The Huffington Post, the US media outlet that received the latest series of emails, said they showed Yousef al-Otaiba denigrating Trump and others in communications with officials close to then President Barack Obama.
The Huffington Post said one of the emails showed Otaiba corresponding with Rob Malley, Obama's chief adviser on the Middle East, on election night.
"You got room for me in Abu Dhabi?" Malley wrote to Otaiba.
"This isn't funny," the UAE ambassador responded. "How/why is this happen. On what planet can Trump be a president."
In another exchange from 2016 with Judith Miller, a right-wing US commentator who reportedly sent Otaiba a series of tweets from a Saudi whistle-blower that criticised Emirati Crown Prince Mohammed bin Zayed Al Nahyan, the UAE diplomat said "the 7 minutes I spent reading this was the equivalent of watching 7 minutes of Donald Trump. A waste of my time."
The latest email leak comes after US media reported on Saturday that emails, released by a group called "GlobalLeaks" - not affiliated with the software developer, GlobaLeaks - showed clear collaboration between Otaiba and a pro-Israel think-tank in an attempt to discredit Qatar.
Otaiba is a well-known figure in US national security circles - he has been called "the most charming man in Washington" - and has participated in Pentagon strategy meetings at the invitation of defence officials.
Al Jazeera's Shihab Rattansi said those behind the leak told Huffington post that "their intention is to reveal the 'two-faced nature' of Emirati foreign policy".
He added that "from these emails it would appear that the ambassador to Washington doesn't have a very high opinion of Trump".
Huffington Post reporter Akbar Ahmed told Al Jazeera the emails "certainly shows a high level of UAE scepticism over Qatar".
Ahmed added that the emails also reveal that the "prime focus" of UAE officials in public "is Iran or the Muslim Brotherhood", but "it seems that a prime focus of these messages has been about neighbouring state Qatar".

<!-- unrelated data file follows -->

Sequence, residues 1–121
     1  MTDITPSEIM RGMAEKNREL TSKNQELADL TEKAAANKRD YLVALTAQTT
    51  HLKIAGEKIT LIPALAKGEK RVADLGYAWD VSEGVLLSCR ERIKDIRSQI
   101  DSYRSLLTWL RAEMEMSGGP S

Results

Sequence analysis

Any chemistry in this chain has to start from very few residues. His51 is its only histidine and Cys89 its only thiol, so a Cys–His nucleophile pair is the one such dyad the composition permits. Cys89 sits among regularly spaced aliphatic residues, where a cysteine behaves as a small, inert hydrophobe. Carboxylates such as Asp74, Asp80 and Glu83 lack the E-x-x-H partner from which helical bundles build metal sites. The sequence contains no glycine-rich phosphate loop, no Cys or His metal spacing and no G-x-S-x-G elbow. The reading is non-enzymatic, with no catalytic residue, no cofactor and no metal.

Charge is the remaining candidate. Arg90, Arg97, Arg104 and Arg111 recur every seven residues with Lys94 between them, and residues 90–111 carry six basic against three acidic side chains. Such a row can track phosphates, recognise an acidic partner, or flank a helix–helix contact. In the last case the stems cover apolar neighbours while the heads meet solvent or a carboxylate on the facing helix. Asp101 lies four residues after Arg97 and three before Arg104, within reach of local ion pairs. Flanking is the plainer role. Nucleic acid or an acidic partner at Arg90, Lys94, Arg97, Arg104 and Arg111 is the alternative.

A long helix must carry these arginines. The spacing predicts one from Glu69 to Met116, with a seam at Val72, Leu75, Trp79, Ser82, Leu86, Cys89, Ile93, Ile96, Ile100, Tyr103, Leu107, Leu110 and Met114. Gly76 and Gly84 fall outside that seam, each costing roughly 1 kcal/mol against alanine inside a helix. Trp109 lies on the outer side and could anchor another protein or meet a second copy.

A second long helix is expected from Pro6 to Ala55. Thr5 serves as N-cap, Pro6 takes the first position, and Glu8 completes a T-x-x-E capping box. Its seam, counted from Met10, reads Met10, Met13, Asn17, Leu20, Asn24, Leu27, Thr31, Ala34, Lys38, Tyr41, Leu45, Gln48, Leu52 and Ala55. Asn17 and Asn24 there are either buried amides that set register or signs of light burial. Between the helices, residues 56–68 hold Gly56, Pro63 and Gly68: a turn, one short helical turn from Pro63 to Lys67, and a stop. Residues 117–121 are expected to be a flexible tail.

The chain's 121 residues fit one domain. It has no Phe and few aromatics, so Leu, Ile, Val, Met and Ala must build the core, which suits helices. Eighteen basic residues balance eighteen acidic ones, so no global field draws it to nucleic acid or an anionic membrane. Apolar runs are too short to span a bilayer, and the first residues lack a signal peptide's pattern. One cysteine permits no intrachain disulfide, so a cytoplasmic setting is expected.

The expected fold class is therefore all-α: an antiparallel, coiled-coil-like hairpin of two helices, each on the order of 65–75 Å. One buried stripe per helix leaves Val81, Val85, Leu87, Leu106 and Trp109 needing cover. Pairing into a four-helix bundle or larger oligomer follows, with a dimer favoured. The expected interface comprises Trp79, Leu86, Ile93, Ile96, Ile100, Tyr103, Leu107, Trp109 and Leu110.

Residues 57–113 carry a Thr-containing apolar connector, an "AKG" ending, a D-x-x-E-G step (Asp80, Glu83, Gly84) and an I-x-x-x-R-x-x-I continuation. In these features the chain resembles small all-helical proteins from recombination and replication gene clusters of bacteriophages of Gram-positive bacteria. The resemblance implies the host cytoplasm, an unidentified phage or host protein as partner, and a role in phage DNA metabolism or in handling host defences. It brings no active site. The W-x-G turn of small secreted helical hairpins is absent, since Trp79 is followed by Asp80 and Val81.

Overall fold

He said this showed the UAE's "influence, their access and the kind of agenda they're pushing".
US and UAE officials have not commented on the recent leak.
On Monday, the UAE, along with Saudi Arabia, Bahrain, Egypt, Yemen and the Maldives cut off diplomatic ties with Qatar, a move Qatar's foreign ministry called "unjustified" and "based on claims and allegations that have no basis in fact".
The dispute between Qatar and the Gulf's Arab countries escalated after a recent hack of Qatar's state-run news agency. It has spiralled since.
Following the hack, comments falsely attributed to Qatar's emir, Sheikh Tamim bin Hamad Al Thani, were published.
Qatar's government categorically denied the comments.
"There are international laws governing such crimes, especially the cyberattack. [The hackers] will be prosecuted according to the law," Mohammed bin Abdulrahman Al Thani, Qatar's foreign minister, said on Wednesday.
UAE-based Sky News Arabia and Al Arabiya kept running the discredited story, despite the Qatari denials.
Source: Al Jazeera News